One of the coolest features in Power Pivot is the ability to define KPIs based on calculated measures. You can create KPIs in SSAS Tabular as well. Unfortunately, this feature is missing from Power BI. In this post I show you a very simple way to import KPIs and use them in Table, Matrix, Multi-row card and Card visualisations in Power BI.
I use the word “IMPORT” as this feature is NOT available in Power BI Desktop yet so we CANNOT create KPIs directly in Power BI Desktop, but, there is work around for it that I explain it in this post.
- Latest version of Power BI Desktop
- Microsoft Excel (2007 or later)
- Power Pivot add-on if using Excel 2007 to 2013 (Power Pivot is already available in Excel 2016)
- Power Query add-on if you need to transform your data (Power Query is available only in Excel 2010 Professional Plus and Excel 2013. It’s added to Excel 2016 as a built-in feature. Check this out to find out more about BI features in Excel 2016.). In this post I’m not loading data using Power Query, so you can ignore Power Query if you want to follow this article to make your first sample KPI work.
How It Works
The work around is really easy. You only need to
- open Excel
- load data into Power Pivot model from your source
- create desired calculated measures in Power Pivot
- create desired KPIs on top of your calculated measure(s)
- save the Model (Excel file)
- import the Model to Power BI Desktop
Let’s go through the whole process step-by-step to see how it works on real world.
Note: I use Excel 2016 and Adventure Works DW SQL Server sample database. If you’re using prior versions of Excel, you have to download and install Power Pivot for Excel. All steps below are pretty much the same.
- Open Excel 2016
- From Data tab click “Manage Data Model”
Note: In case you’re using prior versions of Excel you need to click “Manage” from Power Pivot tab. All other steps would be the same.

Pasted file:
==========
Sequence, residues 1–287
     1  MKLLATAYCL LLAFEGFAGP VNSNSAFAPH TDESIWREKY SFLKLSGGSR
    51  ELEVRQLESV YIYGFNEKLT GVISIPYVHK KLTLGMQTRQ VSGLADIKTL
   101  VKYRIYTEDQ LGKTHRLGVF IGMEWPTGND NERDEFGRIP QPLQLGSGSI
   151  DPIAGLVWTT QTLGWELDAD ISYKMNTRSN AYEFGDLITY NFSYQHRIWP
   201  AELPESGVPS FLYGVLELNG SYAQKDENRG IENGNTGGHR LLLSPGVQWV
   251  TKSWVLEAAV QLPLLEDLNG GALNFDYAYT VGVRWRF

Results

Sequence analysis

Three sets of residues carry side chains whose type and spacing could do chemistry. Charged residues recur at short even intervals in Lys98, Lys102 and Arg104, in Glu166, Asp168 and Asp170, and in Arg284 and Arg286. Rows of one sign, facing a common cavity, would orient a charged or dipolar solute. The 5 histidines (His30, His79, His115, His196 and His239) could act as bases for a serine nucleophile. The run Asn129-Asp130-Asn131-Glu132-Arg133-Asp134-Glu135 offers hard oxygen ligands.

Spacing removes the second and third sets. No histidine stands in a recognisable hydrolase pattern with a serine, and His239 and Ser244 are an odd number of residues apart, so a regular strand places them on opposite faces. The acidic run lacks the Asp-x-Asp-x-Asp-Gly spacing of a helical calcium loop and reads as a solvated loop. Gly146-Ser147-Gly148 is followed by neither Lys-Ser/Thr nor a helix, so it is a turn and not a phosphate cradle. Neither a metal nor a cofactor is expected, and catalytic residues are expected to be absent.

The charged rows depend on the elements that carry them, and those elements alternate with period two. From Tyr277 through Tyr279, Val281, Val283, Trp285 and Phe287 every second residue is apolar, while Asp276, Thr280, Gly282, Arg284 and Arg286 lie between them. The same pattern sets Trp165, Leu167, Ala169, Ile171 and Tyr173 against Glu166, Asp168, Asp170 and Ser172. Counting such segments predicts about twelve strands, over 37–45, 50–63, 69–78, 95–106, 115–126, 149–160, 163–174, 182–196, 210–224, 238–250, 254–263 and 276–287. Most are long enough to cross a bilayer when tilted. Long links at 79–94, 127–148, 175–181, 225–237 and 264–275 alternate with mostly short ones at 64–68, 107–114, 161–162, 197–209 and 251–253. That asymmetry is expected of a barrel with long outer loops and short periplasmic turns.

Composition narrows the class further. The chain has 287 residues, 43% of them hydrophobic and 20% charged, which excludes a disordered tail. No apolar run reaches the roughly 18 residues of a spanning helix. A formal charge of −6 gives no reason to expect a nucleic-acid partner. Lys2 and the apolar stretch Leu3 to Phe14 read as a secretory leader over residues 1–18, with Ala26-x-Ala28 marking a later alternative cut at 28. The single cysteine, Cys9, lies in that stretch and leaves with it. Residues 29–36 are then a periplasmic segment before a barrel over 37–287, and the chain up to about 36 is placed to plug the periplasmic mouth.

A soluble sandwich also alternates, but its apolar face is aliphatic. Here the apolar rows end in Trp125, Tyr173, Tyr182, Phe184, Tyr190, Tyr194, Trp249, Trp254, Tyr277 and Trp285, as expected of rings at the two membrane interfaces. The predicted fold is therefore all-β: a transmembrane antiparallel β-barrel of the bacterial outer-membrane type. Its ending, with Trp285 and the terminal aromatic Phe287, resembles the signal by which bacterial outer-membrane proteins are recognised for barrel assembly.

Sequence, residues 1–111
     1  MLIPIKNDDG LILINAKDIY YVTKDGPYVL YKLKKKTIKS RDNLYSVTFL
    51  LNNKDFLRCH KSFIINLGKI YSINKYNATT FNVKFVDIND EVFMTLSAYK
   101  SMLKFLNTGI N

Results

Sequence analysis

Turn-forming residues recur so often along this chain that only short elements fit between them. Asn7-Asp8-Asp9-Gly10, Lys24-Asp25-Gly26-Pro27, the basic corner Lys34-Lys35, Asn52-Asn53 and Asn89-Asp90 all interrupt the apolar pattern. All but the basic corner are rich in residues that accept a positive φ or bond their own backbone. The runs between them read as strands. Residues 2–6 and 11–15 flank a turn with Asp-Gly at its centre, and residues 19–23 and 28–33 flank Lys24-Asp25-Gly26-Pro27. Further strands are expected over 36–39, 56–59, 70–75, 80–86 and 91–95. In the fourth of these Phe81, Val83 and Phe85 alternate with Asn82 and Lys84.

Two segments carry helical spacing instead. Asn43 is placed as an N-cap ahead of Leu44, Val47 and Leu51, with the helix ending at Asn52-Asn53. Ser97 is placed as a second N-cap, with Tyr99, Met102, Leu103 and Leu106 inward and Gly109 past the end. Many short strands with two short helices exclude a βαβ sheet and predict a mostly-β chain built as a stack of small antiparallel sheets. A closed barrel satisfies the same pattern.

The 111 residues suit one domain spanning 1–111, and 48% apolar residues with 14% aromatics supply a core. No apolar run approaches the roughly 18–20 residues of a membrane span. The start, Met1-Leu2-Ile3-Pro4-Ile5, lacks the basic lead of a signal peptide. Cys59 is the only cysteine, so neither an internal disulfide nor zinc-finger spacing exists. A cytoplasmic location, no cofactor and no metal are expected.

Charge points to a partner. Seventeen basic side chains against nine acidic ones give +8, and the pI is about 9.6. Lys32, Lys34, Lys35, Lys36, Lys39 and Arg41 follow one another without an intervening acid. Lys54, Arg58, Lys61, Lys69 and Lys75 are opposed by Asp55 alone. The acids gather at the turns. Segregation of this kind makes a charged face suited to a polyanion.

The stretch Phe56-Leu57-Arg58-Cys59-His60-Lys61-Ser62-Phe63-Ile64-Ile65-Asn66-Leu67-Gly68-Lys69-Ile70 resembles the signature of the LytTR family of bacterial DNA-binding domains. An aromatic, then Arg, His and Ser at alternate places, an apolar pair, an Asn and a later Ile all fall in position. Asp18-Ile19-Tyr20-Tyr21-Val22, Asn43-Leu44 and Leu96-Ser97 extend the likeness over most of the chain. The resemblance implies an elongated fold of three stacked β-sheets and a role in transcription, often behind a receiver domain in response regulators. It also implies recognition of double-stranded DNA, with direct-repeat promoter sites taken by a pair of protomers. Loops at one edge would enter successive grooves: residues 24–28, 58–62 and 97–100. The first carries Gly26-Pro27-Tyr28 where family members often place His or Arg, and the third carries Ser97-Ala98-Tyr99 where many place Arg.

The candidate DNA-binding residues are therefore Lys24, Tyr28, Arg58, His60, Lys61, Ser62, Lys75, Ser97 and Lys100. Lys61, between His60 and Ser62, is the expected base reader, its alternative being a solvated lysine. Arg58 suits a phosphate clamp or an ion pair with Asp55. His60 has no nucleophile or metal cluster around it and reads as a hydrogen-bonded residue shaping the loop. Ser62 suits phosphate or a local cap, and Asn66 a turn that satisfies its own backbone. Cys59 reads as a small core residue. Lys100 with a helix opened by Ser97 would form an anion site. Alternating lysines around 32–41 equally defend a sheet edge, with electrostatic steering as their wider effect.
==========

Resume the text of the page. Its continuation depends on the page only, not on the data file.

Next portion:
- Select “FactResellerSales”, “DimProduct”, “DimProductCategory” and “DimProductSubCategory” then click Finish
- After the data successfully imported click Close
- Create some simple calculated measures in FactResellerSales like below:
Total Product Costs:=SUM([TotalProductCost])
Sales vs Product Costs:=sum([TotalProductCost])/sum([SalesAmount])
- Change the formatting of the first two measures to currency ($) and select percentage (%) for the third one
- Create KPIs on top of “Sales vs Product Costs” by right clicking on the measure then clicking “Create KPI”
- Click “Absolute value” then define status threshold as below
Note: The above KPI shows our sales status vs. product costs. If product cost is 65% or less than sales amount then the status is green which means everything is under control. If product cost is between 65% and 80% of sales amount then the sales status needs some attention and the status shows yellow. If product cost is more than 80% of sales amount then the sales status is not good and it shows red.
- After creating the KPI, a KPI icon adds to the “Sales vs Product Costs” calculated measure
- Save and close the Excel file
So far we created some measures and an KPI in Power Pivot. Now it is time switch to Power BI and import the Power Pivot model.
- Open Power BI Desktop
- Select “Excel workbook Contents” from “Import” menu and import the Excel file you saved earlier
- Click Start
- After you successfully imported the data model from Excel click Close
- In Power BI Desktop put a Matrix visual on the page
- Expand “DimProductCategory” and click “EnglishProductCategoryName”
- Expand “DimProductSubCategory” and click “EnglishProductSubCategoryName”
- Expand “FactResellerSales” then click “Reseller Sales” and “Total Product Costs” measures
- You’ll also see a “Sales vs Product Costs” KPI
- Expand the KPI and click “Status”
As I mentioned before you can use KPIs in Matrix, Table, Card and Multi-card visualisations.
If you publish the model to Power BI service the reports shows the KPIs.
I hope Power BI development team add this feature to Power BI soon. Until then you can use the above workaround to show KPIs in Table, Matrix, Multi-card and Card visualisations.